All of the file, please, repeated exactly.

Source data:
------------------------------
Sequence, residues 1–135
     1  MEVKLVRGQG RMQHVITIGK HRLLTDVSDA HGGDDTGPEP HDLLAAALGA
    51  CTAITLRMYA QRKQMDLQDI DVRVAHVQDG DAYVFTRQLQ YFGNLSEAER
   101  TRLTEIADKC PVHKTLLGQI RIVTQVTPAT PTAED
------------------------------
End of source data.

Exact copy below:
Sequence, residues 1–135
     1  MEVKLVRGQG RMQHVITIGK HRLLTDVSDA HGGDDTGPEP HDLLAAALGA
    51  CTAITLRMYA QRKQMDLQDI DVRVAHVQDG DAYVFTRQLQ YFGNLSEAER
   101  TRLTEIADKC PVHKTLLGQI RIVTQVTPAT PTAED